CPJ asks India to restore communication services in IOK
NEW YORK – The Committee to Protect Journalists (CPJ), an independent supervising body, has expressed alarm at reports of a communication blackout and the arrest of a journalist in Indian-occupied Jammu and Kashmir amid an escalating political crisis.
The Indian government on Monday had announced the revocation of a constitutional provision granting limited autonomy to Jammu and Kashmir, and introduced measures that would change Kashmir’s administrative status from a state to a union territory, essentially putting it under federal control.
The communication blackout is related to the imposition of Section 144 of the Code of Criminal Procedure across Srinagar.
“A large-scale communication disruption at such a crucial time for Kashmir is an egregious violation of citizens’ rights to information from a free press,” Aliya Iftikhar, senior researcher for CPJ’s Asia programme, said in a statement.
“We call on Prime Minister Narendra Modi and his administration to guarantee that all communication blocks in Kashmir are lifted and that journalists are able to report freely. Communication blocks have no place in a democracy,” Aliya added.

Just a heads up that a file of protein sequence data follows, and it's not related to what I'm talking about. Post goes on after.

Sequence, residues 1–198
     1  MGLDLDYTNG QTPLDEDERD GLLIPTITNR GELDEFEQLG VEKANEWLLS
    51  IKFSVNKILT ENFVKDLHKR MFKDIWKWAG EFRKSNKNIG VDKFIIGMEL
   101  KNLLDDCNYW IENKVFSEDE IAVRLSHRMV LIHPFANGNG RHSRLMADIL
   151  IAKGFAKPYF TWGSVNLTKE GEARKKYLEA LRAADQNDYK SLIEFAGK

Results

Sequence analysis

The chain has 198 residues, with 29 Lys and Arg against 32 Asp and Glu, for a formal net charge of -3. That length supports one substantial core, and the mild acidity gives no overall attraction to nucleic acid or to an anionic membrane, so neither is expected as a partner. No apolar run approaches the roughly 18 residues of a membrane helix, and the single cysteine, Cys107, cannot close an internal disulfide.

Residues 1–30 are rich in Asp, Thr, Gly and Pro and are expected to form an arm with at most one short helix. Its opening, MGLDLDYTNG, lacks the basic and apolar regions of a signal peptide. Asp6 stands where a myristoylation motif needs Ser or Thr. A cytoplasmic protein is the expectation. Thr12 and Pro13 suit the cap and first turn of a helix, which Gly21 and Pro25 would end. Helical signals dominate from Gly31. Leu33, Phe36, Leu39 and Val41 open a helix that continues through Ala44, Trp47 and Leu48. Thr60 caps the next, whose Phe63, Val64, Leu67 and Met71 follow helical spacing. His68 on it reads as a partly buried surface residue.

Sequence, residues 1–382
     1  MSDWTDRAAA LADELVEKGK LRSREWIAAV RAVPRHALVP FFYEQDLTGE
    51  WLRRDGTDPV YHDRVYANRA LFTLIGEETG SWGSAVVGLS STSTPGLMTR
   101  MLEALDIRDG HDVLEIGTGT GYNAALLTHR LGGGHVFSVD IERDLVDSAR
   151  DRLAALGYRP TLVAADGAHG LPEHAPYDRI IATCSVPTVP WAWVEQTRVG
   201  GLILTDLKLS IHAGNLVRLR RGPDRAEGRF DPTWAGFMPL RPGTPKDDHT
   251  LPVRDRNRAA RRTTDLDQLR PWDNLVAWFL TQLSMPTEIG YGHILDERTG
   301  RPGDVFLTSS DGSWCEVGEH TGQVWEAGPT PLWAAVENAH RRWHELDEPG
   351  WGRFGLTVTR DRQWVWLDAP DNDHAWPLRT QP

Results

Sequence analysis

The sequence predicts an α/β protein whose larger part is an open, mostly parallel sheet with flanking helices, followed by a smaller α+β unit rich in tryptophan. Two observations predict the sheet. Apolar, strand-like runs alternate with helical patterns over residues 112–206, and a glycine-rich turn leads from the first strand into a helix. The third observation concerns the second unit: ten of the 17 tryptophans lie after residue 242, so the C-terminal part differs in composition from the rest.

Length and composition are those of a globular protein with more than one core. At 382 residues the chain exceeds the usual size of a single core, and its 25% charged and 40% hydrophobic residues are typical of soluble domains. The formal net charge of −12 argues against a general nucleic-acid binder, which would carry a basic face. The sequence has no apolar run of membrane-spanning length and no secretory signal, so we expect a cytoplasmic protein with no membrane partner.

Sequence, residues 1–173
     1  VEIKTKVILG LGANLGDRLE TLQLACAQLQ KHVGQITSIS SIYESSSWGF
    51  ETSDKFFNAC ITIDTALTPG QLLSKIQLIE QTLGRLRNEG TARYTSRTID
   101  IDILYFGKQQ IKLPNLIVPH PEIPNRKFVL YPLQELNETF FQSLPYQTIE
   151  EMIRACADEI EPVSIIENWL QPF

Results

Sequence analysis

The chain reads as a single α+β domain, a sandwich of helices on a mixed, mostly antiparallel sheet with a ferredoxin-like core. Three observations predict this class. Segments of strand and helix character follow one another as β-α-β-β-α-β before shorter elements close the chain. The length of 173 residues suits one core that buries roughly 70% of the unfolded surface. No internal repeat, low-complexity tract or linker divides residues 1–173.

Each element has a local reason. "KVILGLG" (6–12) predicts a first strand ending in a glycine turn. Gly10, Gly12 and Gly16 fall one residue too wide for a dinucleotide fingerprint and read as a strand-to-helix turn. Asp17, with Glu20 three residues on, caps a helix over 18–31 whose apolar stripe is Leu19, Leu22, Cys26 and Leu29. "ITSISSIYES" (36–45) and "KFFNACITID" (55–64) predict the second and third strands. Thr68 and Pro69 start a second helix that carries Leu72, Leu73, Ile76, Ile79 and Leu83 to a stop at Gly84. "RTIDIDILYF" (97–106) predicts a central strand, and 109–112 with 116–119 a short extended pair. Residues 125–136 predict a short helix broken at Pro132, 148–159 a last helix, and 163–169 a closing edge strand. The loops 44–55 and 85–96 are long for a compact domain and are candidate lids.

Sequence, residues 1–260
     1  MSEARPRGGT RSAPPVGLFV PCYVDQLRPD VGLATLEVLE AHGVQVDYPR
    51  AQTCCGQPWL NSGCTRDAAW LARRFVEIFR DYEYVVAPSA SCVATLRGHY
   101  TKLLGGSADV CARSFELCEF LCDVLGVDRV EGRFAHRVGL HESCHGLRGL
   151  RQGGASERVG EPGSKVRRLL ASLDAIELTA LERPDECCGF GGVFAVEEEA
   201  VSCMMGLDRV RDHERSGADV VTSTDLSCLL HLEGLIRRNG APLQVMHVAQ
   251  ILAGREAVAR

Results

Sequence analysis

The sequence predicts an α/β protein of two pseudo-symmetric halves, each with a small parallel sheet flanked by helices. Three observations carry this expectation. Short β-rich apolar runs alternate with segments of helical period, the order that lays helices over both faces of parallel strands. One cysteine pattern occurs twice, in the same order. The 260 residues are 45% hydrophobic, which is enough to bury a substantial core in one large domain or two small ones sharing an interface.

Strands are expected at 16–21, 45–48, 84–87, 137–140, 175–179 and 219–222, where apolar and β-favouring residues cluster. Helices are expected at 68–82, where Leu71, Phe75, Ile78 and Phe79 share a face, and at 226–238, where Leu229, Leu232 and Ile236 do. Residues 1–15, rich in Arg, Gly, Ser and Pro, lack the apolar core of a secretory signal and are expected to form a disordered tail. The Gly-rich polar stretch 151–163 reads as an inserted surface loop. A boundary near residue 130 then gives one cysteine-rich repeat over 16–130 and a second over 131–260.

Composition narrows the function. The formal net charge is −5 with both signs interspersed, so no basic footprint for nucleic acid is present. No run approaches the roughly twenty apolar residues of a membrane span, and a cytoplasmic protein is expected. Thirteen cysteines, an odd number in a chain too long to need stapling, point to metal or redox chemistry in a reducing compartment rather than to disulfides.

Watchdog calls upon BJP govt to allow journalists to work freely
An email sent to the Home Ministry of India, which is responsible for the administration of Jammu and Kashmir, was not immediately answered, according to CPJ.
In the past week, the Indian government sent in thousands of additional troops and evacuated tourists and closed schools, putting the region on edge.
On July 28, Qazi Shibli, a local journalist and editor of news website, The Kashmiriyat, was arrested by Jammu and Kashmir police, CPJ said, citing news portal The Kashmir Walla.
According to The Kashmir Walla, Shibli was held for questioning in relation to tweets that included the leaking of an official order regarding the deployment of additional troops in the region.
On Monday, CPJ contacted Shibli’s family, which expressed serious concern about his health as he suffers from kidney stones. They told CPJ that police had not specified charges against the journalist. The same day CPJ said it reached out via WhatsApp to Inspector General of Police Swayam Prakash Pani, who promised to look into the matter.
Due to the communication disruption, CPJ said it had been unable to contact Pani again or independently verify if Shibli was still under arrest. The Indian government has recently stepped up detentions and other measures against the press in Kashmir, CJP said. Kashmir Narrator reporter Aasif Sultan remained imprisoned since August 2016, after he wrote a cover story about the slain militant Burhan Wani.